Paris, Occupied France · July 16, 1942

On June 22, 1940, repre­sen­tatives of Marshal Philippe Pétain, premier of the French Third Republic, signed a cease­fire with Germany, 44 days after the Wehr­macht had invaded France. Early that October Pétain’s collab­o­ra­tionist Vichy govern­ment—named after the resort com­mu­ni­ty in which his admin­is­tration had settled—approved the first French anti-Semi­tic law, Statut des Juifs. Arrests of Jews in the French capital began in May 1941. That sum­mer, not long after the estab­lish­ment of a General Com­mis­sariat for Jewish Ques­tions, the chasse aux Juifs, or hunt for Jews, began with a zeal that was said to im­press the most rabid Nazi. Many victims were whisked to the newly opened intern­ment camp of Drancy on the out­skirts of Paris. A year later, 1942, on this date and the next, French police, working from a regis­try of people required to wear the yellow Star of David as well as from a Jewish cen­sus, rounded up 3,031 men, 5,802 women, and 4,051 chil­dren. The two-day “Vel d’Hiv” rafle, named for the Velo­drome d’Hiver (Win­ter Velo­drome), fed its victims into a Paris cycling sta­dium just a stone’s throw from the Eiffel Tower, where little food or water was provided to those waiting transpor­ta­tion to Drancy. The roughly 13,000 “Vel d’Hiv” Jews were 7,000 fewer than the autho­ri­ties had wanted to en­snare but enough to fill many trains to the death camps in the east. Up till then Vichy had omit­ted women and child­ren from these round­ups—the fran­tic scenes of sepa­rating fami­lies allegedly upset the sen­si­bili­ties of French police. Some of the 350,000 Jews living in France had an in­kling of what depor­ta­tion meant. The British Broad­casting Co­rpora­tion had described Polish death camps, and on July 1 it had reported on the 700,000 Polish Jews killed since the Nazi inva­sion of Poland. Flyers describing the gas­sing of chil­dren and the elderly had appeared in Paris. But most French­men remained un­moved by these reports. Millions of French­men became major and minor actors during these dark days. In a minor role, thou­sands of French rail­way (SNCF) workers con­veyed depor­tees to the Franco-German border, earning their em­ployer a tidy sum for every Jew they trans­ported: SNCF billed Vichy for third-class railway tickets, although deportees were transported in cattle cars.

Few accounts of wartime France and the Holo­caust have affected me more deeply than Caroline Moore­head’s harrowing true story of 230 women of the French Resis­tance, ages 17 to 67, who were sent by their govern­ment to death camps in the east. Only forty-nine returned to a liber­ated France. Drawing from inter­views with these women and their fami­lies, and from chilling records she accessed in French, German, and Polish archives, Moore­head traces the grim 27-month odys­sey of these women in A Train in Winter. It is a remark­able testa­ment to extra­ordinary courage, sur­vival, and the en­during power of friend­ship in a savage, depraved world scarcely imag­i­nable to us today. Moore­head’s book is on my short list of books to read twice.—Norm Haskett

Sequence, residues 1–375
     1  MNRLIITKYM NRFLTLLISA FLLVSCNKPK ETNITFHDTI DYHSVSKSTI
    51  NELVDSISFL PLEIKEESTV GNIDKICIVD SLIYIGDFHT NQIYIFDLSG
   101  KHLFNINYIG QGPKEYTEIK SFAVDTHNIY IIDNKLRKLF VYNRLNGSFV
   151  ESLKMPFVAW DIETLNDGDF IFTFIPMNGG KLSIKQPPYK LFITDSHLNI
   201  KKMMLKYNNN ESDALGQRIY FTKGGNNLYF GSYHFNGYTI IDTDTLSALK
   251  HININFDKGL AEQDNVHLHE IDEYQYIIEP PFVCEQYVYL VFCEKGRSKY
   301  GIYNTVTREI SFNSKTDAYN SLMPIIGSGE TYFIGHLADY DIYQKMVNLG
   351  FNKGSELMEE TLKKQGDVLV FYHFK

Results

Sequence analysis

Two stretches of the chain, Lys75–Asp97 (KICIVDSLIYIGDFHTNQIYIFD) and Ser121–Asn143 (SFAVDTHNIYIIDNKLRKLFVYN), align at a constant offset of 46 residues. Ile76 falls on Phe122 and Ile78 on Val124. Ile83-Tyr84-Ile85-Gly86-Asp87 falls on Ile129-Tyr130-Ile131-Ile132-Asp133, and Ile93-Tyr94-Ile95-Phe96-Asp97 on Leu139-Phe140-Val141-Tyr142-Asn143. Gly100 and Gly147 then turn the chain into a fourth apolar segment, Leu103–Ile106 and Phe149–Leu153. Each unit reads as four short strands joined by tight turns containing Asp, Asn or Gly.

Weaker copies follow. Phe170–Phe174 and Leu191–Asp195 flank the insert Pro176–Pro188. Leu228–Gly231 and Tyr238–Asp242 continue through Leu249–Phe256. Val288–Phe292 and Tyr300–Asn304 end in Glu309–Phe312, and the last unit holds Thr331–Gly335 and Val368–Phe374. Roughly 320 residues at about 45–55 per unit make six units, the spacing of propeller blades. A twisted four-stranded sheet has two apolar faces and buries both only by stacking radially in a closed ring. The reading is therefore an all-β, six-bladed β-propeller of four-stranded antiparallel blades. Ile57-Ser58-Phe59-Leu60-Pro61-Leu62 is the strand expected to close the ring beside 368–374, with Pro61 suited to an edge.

Photographs of the Vichy French “Hunt for Jews” (Chasse aux Juifs)

Parisians queuing at control pointA French gendarme guarding Jews, Drancy internment camp, Paris, August 1941

Left: Shortly after the German occupation of France in June 1940, the reac­tion­ary, collab­o­ra­tionist Vichy admin­is­tra­tion of Marshal Philippe Pétain, en­couraged by occu­pa­tion author­i­ties, began a pro­gram of regis­tering all 330,000 Jews in France; only half were French nationals. This photo shows offi­cials examining the iden­tity cards of Pari­sians stopped at a sidewalk table.

Right: The Drancy internment camp northeast of Paris was an inter­ro­ga­tion, deten­tion, and assem­bly camp, mainly for Jews, but also for com­mu­nists, Free­masons, human smug­glers (passeurs), and other ene­mies of the Vichy govern­ment. During the two-day “Vel d’Hiv” roundup on July 16–17, 1942, French police, working under the direc­tion of Ger­man occu­pa­tion author­i­ties, brought 13,000 of their victims to the Velo­drome d’Hiver, or Win­ter Velo­drome, a Paris cycling stadium, before busing them to Drancy.

Parisians queue at French police checkpointBuses deposit French Jews at Drancy, 1941

Left: French police arrest Jews in Paris and place them on a bus for trans­port to one of Vichy’s in­tern­ment camps for regis­tra­tion and inter­ro­ga­tion. The largest camp, Drancy, together with its five sub­camps, first fell under French police administration. In 1943 the camps became the respon­si­bility of the Gestapo Office of Jewish Affairs in France.

Right: Busloads of Jews arrive at Drancy internment camp in this August 1941 photograph.

French police process JewsJews rounded up in France await an unknown fate

Left: French police process their Jewish hos­tages. The Ger­man Army set up in­tern­ment camps to hold Allied civil­ians cap­tured in areas it occu­pied in France. Civil­ians in­cluded U.S. citi­zens caught in Europe by sur­prise when Hitler declared war on Amer­ica in December 1941, as well as British Com­mon­wealth citi­zens caught in areas en­gulfed by the Blitzkrieg in the West.

Right: Traumatized Jews await an un­known fate. (Could any of them have pre­dicted what Hitler had in store for them?) Between June 22, 1942, and the end of July 1944, 67,400 French, Polish, and Ger­man Jews were de­ported from France in 64 rail trans­ports, mainly to Au­schwitz but some to Sobi­bór, both exter­mi­na­tion camps in Nazi-occu­pied Poland. Among them were 11,000 chil­dren, some less than two years old. At the Drancy camp just 1,542 inter­nees remained alive when Allied forces liberated it on August 17, 1944.

Vichy French Newsreels from the Early 1940s. Includes Marshal Pétain Addressing Nation